Previous: Lighting Boards
Since modern lighting setups have separate dimmers and boards which are
often located a hundred or more feet apart, a method of control must
be used so that the board may control the dimmers.
One of the first methods used to accomplish this task was a purely
analog scheme. Individual wires for each channel are used, with each
carrying a small (typically zero to ten volt) analog signal
representative of the position of the fader on the board. This method
works reasonably well, and is in fact still used in many theatre
installations. However, the multi-conductor cabling is expensive,
difficult to maintain, and quite bulky. The amount of cabling
required to run a large number of dimmer channels can become difficult
to manage after a time.
To combat these problems, several different schemes have been
developed over the years. Most rely on some form of multiplexing,
the combining of several discrete signals into one
by dividing time up into several slices and devoting a slice to each
signal. This allows all of the multiconductor cabling to be replaced
with a single piece of cable, using typically only three conductors.
Several schemes for multiplexing lighting information have been
developed. Two of the most common ones AMX192 (analog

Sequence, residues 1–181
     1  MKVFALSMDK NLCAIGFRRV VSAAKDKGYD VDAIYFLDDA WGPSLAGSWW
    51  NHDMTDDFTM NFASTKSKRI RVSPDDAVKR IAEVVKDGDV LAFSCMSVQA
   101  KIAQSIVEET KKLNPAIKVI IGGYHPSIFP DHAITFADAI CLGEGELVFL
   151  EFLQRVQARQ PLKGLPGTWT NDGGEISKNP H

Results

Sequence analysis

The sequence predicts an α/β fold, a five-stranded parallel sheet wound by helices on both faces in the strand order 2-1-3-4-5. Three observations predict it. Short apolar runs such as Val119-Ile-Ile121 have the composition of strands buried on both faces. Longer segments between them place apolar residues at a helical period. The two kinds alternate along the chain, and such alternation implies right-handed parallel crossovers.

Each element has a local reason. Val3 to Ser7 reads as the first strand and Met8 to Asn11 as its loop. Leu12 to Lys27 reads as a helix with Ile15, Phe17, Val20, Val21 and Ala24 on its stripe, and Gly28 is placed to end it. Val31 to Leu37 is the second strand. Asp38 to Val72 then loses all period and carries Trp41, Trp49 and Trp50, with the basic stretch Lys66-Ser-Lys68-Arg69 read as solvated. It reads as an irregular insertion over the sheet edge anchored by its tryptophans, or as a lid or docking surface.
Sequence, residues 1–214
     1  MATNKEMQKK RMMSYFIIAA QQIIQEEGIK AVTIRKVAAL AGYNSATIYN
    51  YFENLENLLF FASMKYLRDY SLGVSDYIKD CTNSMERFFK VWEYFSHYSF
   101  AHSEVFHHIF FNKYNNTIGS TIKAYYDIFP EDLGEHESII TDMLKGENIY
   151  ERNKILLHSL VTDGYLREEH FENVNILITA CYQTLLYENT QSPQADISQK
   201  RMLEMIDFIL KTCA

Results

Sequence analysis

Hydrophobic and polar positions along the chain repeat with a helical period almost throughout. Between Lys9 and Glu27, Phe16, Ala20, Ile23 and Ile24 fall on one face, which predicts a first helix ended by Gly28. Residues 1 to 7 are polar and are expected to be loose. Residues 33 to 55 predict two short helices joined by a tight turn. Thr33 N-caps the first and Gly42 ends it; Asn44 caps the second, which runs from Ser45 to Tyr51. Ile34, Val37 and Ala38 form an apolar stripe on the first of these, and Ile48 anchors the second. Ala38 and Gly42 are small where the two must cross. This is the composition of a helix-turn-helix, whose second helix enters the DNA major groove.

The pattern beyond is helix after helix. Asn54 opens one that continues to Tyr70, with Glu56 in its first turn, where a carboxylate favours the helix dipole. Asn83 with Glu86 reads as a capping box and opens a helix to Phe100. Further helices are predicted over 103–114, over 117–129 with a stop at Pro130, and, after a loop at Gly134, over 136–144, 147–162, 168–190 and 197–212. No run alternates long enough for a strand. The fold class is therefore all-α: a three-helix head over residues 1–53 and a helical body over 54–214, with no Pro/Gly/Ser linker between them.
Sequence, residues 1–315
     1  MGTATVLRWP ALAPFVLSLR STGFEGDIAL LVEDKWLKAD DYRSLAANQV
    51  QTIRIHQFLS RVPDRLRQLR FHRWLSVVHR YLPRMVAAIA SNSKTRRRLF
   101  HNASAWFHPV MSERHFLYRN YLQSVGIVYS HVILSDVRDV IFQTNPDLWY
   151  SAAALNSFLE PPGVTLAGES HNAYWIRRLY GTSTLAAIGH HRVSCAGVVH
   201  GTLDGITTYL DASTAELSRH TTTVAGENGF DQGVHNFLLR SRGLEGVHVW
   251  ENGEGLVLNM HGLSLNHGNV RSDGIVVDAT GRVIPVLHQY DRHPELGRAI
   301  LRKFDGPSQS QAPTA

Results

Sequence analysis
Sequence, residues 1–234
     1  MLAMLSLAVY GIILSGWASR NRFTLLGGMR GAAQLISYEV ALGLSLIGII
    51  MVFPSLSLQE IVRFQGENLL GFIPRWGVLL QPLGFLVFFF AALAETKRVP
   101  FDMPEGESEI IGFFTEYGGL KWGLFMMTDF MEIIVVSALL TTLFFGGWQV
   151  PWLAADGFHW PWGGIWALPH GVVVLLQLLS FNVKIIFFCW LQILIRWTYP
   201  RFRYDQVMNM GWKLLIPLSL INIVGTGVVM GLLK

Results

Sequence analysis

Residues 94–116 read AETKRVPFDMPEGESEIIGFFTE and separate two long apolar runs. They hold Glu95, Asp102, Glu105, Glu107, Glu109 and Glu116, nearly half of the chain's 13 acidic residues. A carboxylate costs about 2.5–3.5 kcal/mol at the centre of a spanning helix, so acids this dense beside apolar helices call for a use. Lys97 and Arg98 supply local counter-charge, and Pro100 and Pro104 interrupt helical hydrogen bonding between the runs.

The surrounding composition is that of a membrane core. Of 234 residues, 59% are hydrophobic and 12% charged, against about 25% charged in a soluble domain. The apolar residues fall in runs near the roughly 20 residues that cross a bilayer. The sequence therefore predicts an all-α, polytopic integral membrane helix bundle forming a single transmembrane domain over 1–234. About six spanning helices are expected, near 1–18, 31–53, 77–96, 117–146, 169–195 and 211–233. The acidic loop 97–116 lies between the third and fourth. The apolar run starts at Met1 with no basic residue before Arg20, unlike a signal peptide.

multiplex, 192 channels) and DMX512 (digital multiplex, 512 channels).
DMX512 is what is used at WPI for lighting control.
DMX512 can be run using regular 3-pin microphone cable
over long distances. This affords much flexibility in the
placement of the lighting board and dimmer racks, as they can be
spaced quite far apart. Most new dimmers decode DMX512 internally.
The NSI dimmers that WPI owns are prime examples of this.
However, the majority of the dimmers used at WPI are older analog
models that have been retrofitted through the use of DMX512
demultiplexers. These devices decode the digital signals used on a
DMX line and convert them to analog signals used by the dimmers.
Devices such as this give older devices an
extended life, as they can be controlled by the latest computer
lighting boards. Figure 5.21 shows one such demultiplexer.
DMX512/AMX192 demultiplexer, used to convert DMX or AMX
signals to 0-10V analog signals used on older dimmers. The three main
dimmer racks used at WPI employ DMX demultiplexers manufactured by
Electronic Theatre Controls, Inc.
DMX512 is also used for the control of many automated lights. The
High End TrackSpots used at WPI are controlled over DMX.
Individual channels of DMX are assigned to functions such as pan, tilt
and color. Appendix Q has more information about the DMX channel
mapping used on the TrackSpots.
Previous: Lighting Boards